All Rise (Deluxe)

All Rise (Deluxe)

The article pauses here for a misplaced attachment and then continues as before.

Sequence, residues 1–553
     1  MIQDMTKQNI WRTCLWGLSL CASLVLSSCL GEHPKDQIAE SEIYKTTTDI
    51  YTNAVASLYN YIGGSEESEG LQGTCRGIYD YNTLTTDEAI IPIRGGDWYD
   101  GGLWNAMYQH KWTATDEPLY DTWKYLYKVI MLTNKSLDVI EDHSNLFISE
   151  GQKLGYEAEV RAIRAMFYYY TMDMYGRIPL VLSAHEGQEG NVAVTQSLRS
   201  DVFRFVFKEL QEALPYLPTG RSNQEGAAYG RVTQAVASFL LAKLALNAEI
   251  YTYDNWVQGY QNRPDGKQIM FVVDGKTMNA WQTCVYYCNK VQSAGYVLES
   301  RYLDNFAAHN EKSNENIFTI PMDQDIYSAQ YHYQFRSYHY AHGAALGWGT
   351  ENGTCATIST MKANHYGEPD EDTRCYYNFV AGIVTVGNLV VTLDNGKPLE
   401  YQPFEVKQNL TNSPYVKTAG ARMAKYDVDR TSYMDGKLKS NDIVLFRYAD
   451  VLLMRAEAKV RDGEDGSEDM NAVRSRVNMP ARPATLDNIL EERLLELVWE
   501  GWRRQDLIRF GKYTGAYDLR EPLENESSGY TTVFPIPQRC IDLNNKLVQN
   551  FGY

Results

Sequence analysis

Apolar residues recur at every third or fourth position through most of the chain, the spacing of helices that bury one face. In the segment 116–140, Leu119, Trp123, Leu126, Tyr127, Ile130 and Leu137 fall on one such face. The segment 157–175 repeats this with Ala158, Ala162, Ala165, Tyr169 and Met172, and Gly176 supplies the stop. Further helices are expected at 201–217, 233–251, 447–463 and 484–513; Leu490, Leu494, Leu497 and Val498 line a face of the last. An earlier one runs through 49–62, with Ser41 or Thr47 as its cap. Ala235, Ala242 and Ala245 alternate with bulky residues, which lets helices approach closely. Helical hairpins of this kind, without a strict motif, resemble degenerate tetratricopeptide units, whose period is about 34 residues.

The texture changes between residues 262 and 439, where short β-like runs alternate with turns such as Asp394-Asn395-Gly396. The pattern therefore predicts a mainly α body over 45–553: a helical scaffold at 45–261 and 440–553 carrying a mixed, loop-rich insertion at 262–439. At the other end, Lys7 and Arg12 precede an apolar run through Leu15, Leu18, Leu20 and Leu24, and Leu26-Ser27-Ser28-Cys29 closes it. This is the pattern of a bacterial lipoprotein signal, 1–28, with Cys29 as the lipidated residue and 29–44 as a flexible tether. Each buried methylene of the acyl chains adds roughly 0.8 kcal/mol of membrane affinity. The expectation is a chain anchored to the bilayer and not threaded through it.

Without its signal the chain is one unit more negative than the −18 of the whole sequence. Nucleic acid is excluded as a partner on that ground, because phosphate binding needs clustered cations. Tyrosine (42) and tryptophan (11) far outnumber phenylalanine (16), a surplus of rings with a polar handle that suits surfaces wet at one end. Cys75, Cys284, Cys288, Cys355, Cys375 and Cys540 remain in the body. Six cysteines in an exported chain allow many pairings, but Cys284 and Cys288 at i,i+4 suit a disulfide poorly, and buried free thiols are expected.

“With all of my records, there is room for love and protest,” Gregory Porter tells Apple Music of the twin themes on All Rise, his highly anticipated sixth album. “Protest is the purest honesty. This is what pushes us forward. This is what cleans the house.” Here, his stage is both micro and macro, those themes of love and protest speaking as much to communal kinship, solidarity, and world events as they do to the intimate dance between lovers. “When I think about the records of my idols on the soul side—Donny Hathaway, Bill Withers, Marvin Gaye—they didn’t shy away from [dealing with] multiple subjects,” says Porter. “You could do both. I write songs of love and protest, and I think there is a kinship between the two.” For seasoned Porter fans, All Rise houses all the grandiose, sweeping, swinging soul that pays dutiful homage to the canons of jazz, blues, and gospel. And yet, on this record, there are forays into the rockier terrains of the blues blueprint outlined by the great Muddy Waters, and futuristic soundscapes that reference a ’70s-era Herbie Hancock. Here, the singer delves into his past and present relationships as we travel through time with him to meet the church elders in front of whom he first sang (“Thank You”) and experience the moments with his son that make him think of his distant relationship with his own father (“Dad Gone Thing”). “I'm harvesting from my past—the writing process happens in life,” says Porter, who adds that this album is infused with the “confidence” and “wisdom that comes with a few more gray hairs.” Even as All Rise stares unflinchingly at loss and the pain of human experience, ultimately, Porter says, the record is about another set of twin themes: “ascension” and “grounding,” beginning with the singer returning home after a long tour, and ending at the open-air church where he first sang. It’s the strength of connectivity—with himself, his faith, his people, his band, and the world around him—that allows this record to soar so high. Here, let Porter take you though his stunning sixth album, track by track. Concorde “This reflects on the fact that even though I'm happy with my success, it's a two-edged sword. It takes you away from your soil, your ground, your family, your favorite things. When I’m moving at twice the speed of sound, the most important things are the things that are on my little plot of land in my hometown: my son, my family, my house—all the things that make me me. I’m always excited to get home. I can get to the soil, to the root of who I am. People talk about kissing the ground when they get home, and it sounds clichéd, but I kind of do that. I walk around my property with my shoes off, I get dirty—one way or another, I kiss the ground.” Dad Gone Thing “I find that I’m still talking to my father after all these years, even though he’s been gone longer than my mother has. My son is seven years old now, and I see a lot of myself in him, I was similar at his age. It brings to mind stuff with my father. I mostly spent time with him at his church, where he was very well-respected. But it seemed like I was always just observing him—he never connected with me. So for the instrumentals, I went back to my memories of him in the mid- to late ’70s. I have this image of standing at the bottom of the ladder as he's painting the house, and waiting for him to give me a few crumpled-up dollars from his back pocket. What I learned at his funeral is that he was very charismatic—a renaissance man in a way. He could do many things, but he didn’t teach me any of it. Person after person at his funeral talked about his singing voice, but I never heard him sing. And so, you know, [it’s this sense of] you didn't teach me a doggone thing. Not how to fish, not how to change a tire, not how to tie a tie, nothing. But you did give me one of the most significant things in my life, which is how I express myself, and it's what I'm known for in the world. It's like this healing thing, a way of resurrecting our relationship. I’m saying, ‘You gave me everything and nothing at the same time.’” Revival Song “This is like [2013’s] Liquid Spirit in a way—it’s straight from the roots of me. Gospel can be so separated from its roots. And when you hear it, you might think: ‘Oh, that's pop!’ But, nope. You might have accentuated the bass a little bit, or you may have clarified a few things, but it's a sound right from the front pews of Gospel Church. So this is a gospel expression. It's definitely relevant at the moment. We need a revival, but it's a revival of the spirit. To think about those things that ground you, and that make you who you are—it could be your culture, your religion, your family. The things that you cling to that might be bigger than you, that help you straighten your spine and lift your head up. It's about renewal from self-doubt and insecurity.” If Love Is Overrated “This is connected to my song ‘No Love Dying.’ It's thinking of the power, the drug, the beauty and the trance that love can be. Whatever it is, it's the best thing that we have. It's about the willingness to go through the consequences of love. Whatever I have to do to get it, give me more of it. If love is overrated, if love is cliché or tired, then give it to me. Even if it's unrequited, even if it's unpronounced. It moves you. The lyrics say, ‘Let me fall on my face/I like this strange illusion.’ Here, I’m using also different parts of my voice, and there’s an intimacy that I’m trying to capture. Sometimes I want subtlety. Think of Miles Davis—he was good at that. Sometimes that’s not allowed with an instrument that can sound as big as a trumpet. The voice of the big Black man can also be a huge instrument, and sometimes not allowed to be subtle and nuanced and gentle. And so when I do that, it's purposeful for two reasons. One, it's my personality, and two, I'm trying to bring it back and bring the voice into an intimate space and place.” Faith in Love “When you’ve grown up in church, there can be a sense that secular music and spiritual understanding can never meet. But when I listen to Marvin Gaye, Bill Withers, or Al Green, they are constantly playing with this romantic/spiritual thing. It's been something that I have shied away from, actually, in my writing. When I wrote, ‘I believe in Jesus and all that he can do, now I wanna have a little faith in you,’ I don’t know why, but it was a scary lyric for me to write. I was like, ‘Am I gonna get in trouble?!’ When I was a little boy, I was riding in the car with my mama and I said, ‘Mama, I think I want to sing songs about love when I grow up.’ And she was like, ‘Yeah, baby. God made love and it's okay to sing about it.’ So I should have taken that cue a long time ago, but I'm just now coming around to that with All Rise. In all of the music that I have made over the last six records, I’ve said I believe in roundabout ways, but this is the first time I’m saying it directly. And it's the first time I’ve connected it with the idea of love.” Merchants of Paradise “Sam Smith invited me to a War Child event, and going to these events, watching videos, and especially hearing the experiences of women when they were children, was what really inspired the song. It's about the young ones, the children that are being abused: I'm thinking about how they are used in war as pawns in a game. This could also speak to other contexts, too. These songs have families, and this one is related to ‘Take Me to the Alley’ [from Porter’s 2016 album of the same name]. Take me to the afflicted ones, the lonely ones, the hungry ones. That’s who deserves to be uplifted. Musically, it’s tricky—it sounds like you might hear something sweet, but there’s something negative that I’m speaking of. When I was writing this song, I felt like I was a lawyer in a courtroom, I’m talking to a jury, and that’s where the lyrics come from. And by the end of the song, the outrage that I have is towards all of us. When children have gone through degrading things in war, or anything else, we’ll talk about them and read their books 20 years later. But what are we doing now?” Long List of Troubles “This is purposefully put in the classic blues format. It's about overcoming, and is meant to suggest revival, or a resurrecting strength. It might be about love, or the conditions of life. In writing the song, I felt I wanted it to be more of a blues-rock song in the way that it sounded, and in what the soloists were doing. It's kind of a march. There’s a harsh optimism there, which the blues can be. Muddy Waters was one of the inspirations of the song. In his music, he’s constantly professing his power as a man. He’s constantly saying, ‘See me.’ He’s not straight-up civil rights, but he’s saying, ‘I’m a M-A-N.’ It's about dignity. There’s something about the blues that’s often missed, and in some hip-hop, too. Sometimes it's done in crude ways, but it's a statement, and trying to find a way of expressing masculinity when you feel like less than a man. Marvin [Gaye] said ‘taxes, death, and trouble.’ These are traditional exterior powers that can move me to the left and to the right, and I'm claiming power over it and my ability to resurrect the past any of the issues in my life: taxes, pain, the man, racism, whatever it is. It's a simple blues.” Mister Holland "A subtle protest song. You could take it as a song to a guy who's the father of the girl that you liked. Using this ’70s soul, kind of folksy sound, I’m trying to be as regular and down-to-earth with my lyrics and delivery. I’m saying thank you for inviting me in. I’m normal, and that’s how I want to be treated. But when I say ‘by the way,’ what I mean is ‘Thank you for not being racist.’ I’m drawing on the story-songs of people like Bill Withers or Billy Preston. The song has a bounce, and ebullience, but there’s always a giveaway in my songs. On my way out, I’ll tell you the truth. I’m referencing Jools Holland here, and his daughter, Rosie Mae—she’s nice, but I’m not in love with her. I thought those names are too good not to use. I once stayed over at his home and we wrote a blues song together. The song is really a coupling of experiencing Jools’ hospitality and remembering an experience that I had as a young man. ‘Get away from the door, n****r’ is what I heard then. I was not invited into the house. I'm well past my teenage years, but it affected me. These were my formative bricks—and someone laid some broken ones down in me. I want you to dance to ‘Mister Holland,’ but if you care to go deeper—and you should—then you'll figure out what it is that I'm saying. Just treat people right.” Modern Day Apprentice “This is like a sweet music interlude. I wrote the song thinking about religious groups like the Quakers that do a lot of handmade things. I think of love as this bespoke, handmade, thoughtfully done thing that takes time and learning to get right. The lyrics say, ‘I’m a modern-day apprentice for your love.’ It's love without any frills. I think about the simple ways some of those communities dress—their hairstyle and shoes, it's all very simple. It's about the purity of love.” Everything You Touch Is Gold “A straight-up soul song. The brother or sister to this is my song ‘Real Good Hands.’ You know, I’m going ‘Hey, girl…’ It's like listening to Teddy Pendergrass and thinking, ‘Damn, player.’ It's a reference to Luther Vandross, a track like ‘If Only for One Night.’ In the studio we decided to let this be long play. We wanted this to be one of those lovemaking songs. I'm basically saying I could write another song over this. ‘If I went there, I could write 1000 songs about you.’ We just let the groove and feel roll on.” Phoenix “It's that ascension thing again—that rising and moving upwards in love. It’s like, getting the dust of life off your shoulders—those things that can pull love to its knees—it’s shrugging them off, and saying, ‘Let's move. Let’s go upwards.’ I could give a bunch of meanings to my love songs and say that they mean something social, but it's actually true. In Black music, often you’ll get the feeling that you’re speaking about more than just romantic love. Here, I mean community love, too. This desire to right some wrongs, to have this conversation about who we are as a people. It’s a desire for us to come to an understanding with one another.” Merry Go Round “This one is in 3/4 time. It has the feel of my songs ‘Be Good’ and ‘Consequence of Love.’ It's another song for when I can visualize love but it's not quite in reach. The lyrics here say: ‘You can choose your horse, but that don't change the course of my love.’ I’m saying that love has its difficulties, but I’m going to love you anyway. Even if you have another lover, I still love you. I may be rusty and maybe I’m imperfect. It's thinking of love as this carnival or a theme park or a festival. What I’m saying is that this love is constant, and it just goes round and round, and I will be here in the same place, next year and the year after that, and the year after that. There’s a melancholy in here as well. I’m saying that I hope I’m good enough for you. You can change your horse. I’m giving her the option, I’m not saying that she takes it! It's connected to the tradition of songs like Billie Holiday’s ‘Don’t Explain.’” Real Truth “In the writing process, I kept coming up with these songs that were in direct response to my president, and I scrapped, you know, three or four, five songs, because it was like, I'm just responding to him. And I don't like that. So I had to go back to the drawing board, because it's not my process. The middle part of the song is a section for prayer; it's funny how personal these songs can become. The idea that the truth has many different versions is a lie in itself. The truth is the truth. You can’t say you didn’t say something when we have you on tape saying that you did say something. We’re living in this right now. We might be told, ‘The fight against this pandemic is going extremely well.’ It's not. In America, we have the worst number of deaths in the world. And my brother is dead [Porter’s brother Lloyd passed away from complications related to COVID-19 in May 2020]. So it's not true—what you’re saying isn’t true. The song is influenced by late-’70s, early-’80s Herbie; it's there in the outro and bass solo as well.” You Can Join My Band “This is an altar call. It's welcoming. Bring in the lonely, and the afflicted. The downtrodden, those who have toiled without gain and haven’t yet had success. I’m saying: ‘You can join my band.’ And it's also about my band! It isn’t perfect, but I love them, and they have all the right ingredients. There are many young players who want to replace my senior citizen piano player, but he’s incredible. He has a deep understanding of music, and can go to places musically from before I was born. The track is really a call for people to join me. It's about the fact that things are imperfect but we can still embrace them.” Thank You “A thank you to my roots. And a thank you to my brother—he was there from the beginning and my biggest cheerleader, always. A thank you to my family. To my fans. And it's a thank you to the tradition that I come from. I started off singing gospel music. It's a thank you in particular to the older women in my community—my mother’s friends from way back—that I used to sing to. They used to say, ‘Put that child in front of me, and let me hear what he can do!’ The first place that I sang was an outdoor church service. You know, I felt some real connection to what I was doing at the church and to those spiritual experiences I had at the age of nine or ten. I sing about ‘A rough cut stone/I couldn't polish myself/It had to be done by someone else.’ I’m thanking the people that made me. It's the soil, the people, that made me. I’m thankful every day.”